- Mohammed Ali Timim, Minister of Planning
- Mohammed Al-Najjar, Advisor to the Prime Minister
- Mohammed Al-Egaily, Al-Nahrain Centre for Strategic Studies (Moderator)
Iraq requires an achievable and practical long-term economic vision and strategy, and it is an urgent necessity to identify what makes Iraq unique in its industrial and agricultural economy, especially in areas where Iraq can compete with other countries in the region.
The country’s private sector has still not been fully realised, regulated or empowered to lead Iraq into the growth and prosperity its population deserves. Red tape and complex bureaucracy in the country’s state institutions has also prevented the completion of projects and increased the reluctance of international companies to contribute to private reconstruction efforts.
The government has a role to play, and so too to foreign and domestic industries, who would benefit from engaging with the increasing numbers of young professionals in Iraq keen to start-up and develop small and medium-sized enterprises (SME). In this panel, the Minister of Planning, Mohammed Ali Timim, and Mohammed Al-Najjar, an advisor to the prime minister, considered the structural challenges and solutions for diversifying the economy, social investments, and incentivising the private sector in Iraq.
The panel began with an obvious acknowledgement on the vulnerabilities Iraq faces, linked to its recent history, political and security issues, and climate threats. “Iraq is one of the most vulnerable countries when it comes to climate change,” Timim said. “I can comfortably say that for the first time, the public central budget has tackled the issue of water issues, desertification, and sustainable development goals, and there is lots of budget and funding allocated for this, hoping to achieve this,” he added.
Questioned by Al-Egaily on the allocated budget for sustainable development, which he told the audience he had seen little about in Iraq’s budget so far, Timim said that there may be confusion with the terminology, as the word for climate change is different to sustainable development. Nevertheless, he stressed that the government was committed to reducing gas flaring, gas emissions, and finding alternatives for clean sources of energy. “We are about to launch a new project in the next few months to take steps,” Timim said, promising details on this in the near future.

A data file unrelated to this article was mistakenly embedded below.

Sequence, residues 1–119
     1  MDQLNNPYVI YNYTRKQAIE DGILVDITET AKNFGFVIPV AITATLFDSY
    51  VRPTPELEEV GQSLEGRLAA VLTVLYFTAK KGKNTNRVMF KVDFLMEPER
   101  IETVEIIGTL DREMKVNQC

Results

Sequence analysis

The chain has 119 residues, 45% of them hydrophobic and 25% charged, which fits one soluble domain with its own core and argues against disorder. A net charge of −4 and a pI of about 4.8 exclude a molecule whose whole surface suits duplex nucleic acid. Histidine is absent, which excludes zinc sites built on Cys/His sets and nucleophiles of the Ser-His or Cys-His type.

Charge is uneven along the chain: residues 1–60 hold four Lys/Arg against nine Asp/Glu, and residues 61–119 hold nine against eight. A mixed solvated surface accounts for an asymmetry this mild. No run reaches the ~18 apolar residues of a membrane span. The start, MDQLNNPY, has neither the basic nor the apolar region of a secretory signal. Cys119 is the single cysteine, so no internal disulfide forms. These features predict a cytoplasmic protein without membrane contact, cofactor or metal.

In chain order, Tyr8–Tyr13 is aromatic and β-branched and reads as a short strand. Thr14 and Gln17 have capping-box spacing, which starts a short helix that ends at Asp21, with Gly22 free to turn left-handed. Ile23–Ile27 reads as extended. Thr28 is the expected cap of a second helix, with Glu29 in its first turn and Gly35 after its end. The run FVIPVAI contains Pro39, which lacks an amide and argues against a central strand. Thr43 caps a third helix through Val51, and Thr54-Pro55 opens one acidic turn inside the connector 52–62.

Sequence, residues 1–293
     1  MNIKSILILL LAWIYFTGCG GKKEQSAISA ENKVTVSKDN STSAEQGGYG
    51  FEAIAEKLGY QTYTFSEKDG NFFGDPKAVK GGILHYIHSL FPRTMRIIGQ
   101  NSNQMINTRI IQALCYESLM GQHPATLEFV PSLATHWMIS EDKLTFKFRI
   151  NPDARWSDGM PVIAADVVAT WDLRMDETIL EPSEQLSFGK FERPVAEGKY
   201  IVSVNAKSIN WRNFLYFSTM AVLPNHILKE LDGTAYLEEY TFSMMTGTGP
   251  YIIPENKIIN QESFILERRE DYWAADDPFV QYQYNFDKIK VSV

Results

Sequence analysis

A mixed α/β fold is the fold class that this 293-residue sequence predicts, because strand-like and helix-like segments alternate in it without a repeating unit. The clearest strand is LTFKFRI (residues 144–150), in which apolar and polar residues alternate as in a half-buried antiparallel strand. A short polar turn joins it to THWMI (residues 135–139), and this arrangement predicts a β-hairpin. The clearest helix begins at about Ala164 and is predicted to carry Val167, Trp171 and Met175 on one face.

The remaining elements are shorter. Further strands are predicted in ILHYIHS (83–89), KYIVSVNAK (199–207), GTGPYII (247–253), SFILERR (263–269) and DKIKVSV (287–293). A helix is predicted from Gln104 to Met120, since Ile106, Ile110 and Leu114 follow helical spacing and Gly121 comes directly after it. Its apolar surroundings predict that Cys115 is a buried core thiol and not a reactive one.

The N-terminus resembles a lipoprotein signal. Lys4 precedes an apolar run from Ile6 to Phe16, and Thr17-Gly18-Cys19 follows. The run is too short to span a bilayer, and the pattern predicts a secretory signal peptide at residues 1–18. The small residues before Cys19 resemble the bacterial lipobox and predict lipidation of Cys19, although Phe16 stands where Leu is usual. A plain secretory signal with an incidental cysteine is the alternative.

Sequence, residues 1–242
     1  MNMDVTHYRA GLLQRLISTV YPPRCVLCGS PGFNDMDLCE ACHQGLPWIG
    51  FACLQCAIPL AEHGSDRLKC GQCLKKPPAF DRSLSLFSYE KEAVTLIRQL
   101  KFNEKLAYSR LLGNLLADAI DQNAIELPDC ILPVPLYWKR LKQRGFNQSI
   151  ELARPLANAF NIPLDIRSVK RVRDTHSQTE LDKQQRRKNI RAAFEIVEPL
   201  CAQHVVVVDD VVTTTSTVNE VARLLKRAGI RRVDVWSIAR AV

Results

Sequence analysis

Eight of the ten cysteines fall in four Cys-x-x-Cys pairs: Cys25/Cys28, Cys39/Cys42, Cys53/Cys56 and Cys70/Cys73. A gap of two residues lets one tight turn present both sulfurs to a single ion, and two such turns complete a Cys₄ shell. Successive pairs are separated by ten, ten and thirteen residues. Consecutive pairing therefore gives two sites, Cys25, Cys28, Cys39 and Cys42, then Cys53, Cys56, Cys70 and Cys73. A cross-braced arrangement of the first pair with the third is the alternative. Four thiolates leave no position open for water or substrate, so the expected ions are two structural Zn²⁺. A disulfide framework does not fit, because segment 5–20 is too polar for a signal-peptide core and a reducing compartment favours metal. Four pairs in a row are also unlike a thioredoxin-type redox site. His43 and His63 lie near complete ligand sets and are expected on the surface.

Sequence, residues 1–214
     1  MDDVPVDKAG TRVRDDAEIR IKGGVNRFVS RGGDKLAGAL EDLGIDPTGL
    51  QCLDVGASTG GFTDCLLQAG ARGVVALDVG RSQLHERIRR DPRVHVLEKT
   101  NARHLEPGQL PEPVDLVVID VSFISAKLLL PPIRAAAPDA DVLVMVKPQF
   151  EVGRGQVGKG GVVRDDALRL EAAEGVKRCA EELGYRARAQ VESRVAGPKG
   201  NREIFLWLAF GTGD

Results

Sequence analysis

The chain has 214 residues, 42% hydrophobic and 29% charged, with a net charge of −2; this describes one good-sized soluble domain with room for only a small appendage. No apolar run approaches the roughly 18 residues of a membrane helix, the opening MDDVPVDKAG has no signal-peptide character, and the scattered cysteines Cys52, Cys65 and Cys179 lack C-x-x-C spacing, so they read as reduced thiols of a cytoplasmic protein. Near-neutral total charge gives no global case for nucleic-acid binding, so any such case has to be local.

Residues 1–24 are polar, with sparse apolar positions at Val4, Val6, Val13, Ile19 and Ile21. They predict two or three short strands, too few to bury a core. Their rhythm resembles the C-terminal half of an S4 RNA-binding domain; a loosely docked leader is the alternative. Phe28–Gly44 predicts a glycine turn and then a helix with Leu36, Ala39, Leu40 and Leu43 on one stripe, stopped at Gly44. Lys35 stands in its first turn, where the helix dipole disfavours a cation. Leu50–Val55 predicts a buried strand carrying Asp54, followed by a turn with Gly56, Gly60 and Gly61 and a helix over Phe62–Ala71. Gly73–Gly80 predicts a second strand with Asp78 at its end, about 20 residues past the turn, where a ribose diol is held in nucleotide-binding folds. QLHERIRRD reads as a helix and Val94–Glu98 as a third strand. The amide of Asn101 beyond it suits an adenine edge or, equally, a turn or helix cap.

Asked about the public sector and private sector approach to the economy, the Prime Minister’s advisor Mohammed Al-Najjar responded that, “Iraq’s economic model was launched in 1924, since the marketing of oil, and over the following 100 years we have increased our reliance on oil and we cannot carry on with a 100 year old economic model.” Al-Najjar acknowledged that oil has shifted Iraq’s economy into a rentier economy, and there was a clear need for more tangible things in the country, like bridges, roads, and electricity. He made the point that Iraq doesn’t conduct feasibility studies. “It’s challenging to live in Iraq,” he said. “We need to start action immediately, and we have a good government now, but we don’t have a clear plan. Since 2003 to now, we have had no clear idea for an economic identity.”
Previously, Al-Najjar said, the country’s political orientation was focused on everything other than the economy. Questioned on the country’s Development Fund, Timim added that this has created more than 200 schools. “The fund is still there,” he said. “It is an important fund that has established cooperation with companies.” Addressing Iraq’s Five-Year Plan, he told the audience that, “A budget for three years has taken 60% of the five-year plan… we have identified the areas for implementation. Even if we don’t talk about a five-year plan, then we will be talking about a ten-year plan. The ministry of planning is exerting serious efforts,” he said. Pushed on the impact of the plan and the auspices of the ministry, Timim told the audience that, “We want to bring back the glory days of Baghdad…The investors of the world have many challenges [and] the state is working to catch up with the change that is needed.”
Iraq Forum: For Stability and Prosperity
Session 2: Investment & Diversification: Transforming Iraq’s Economy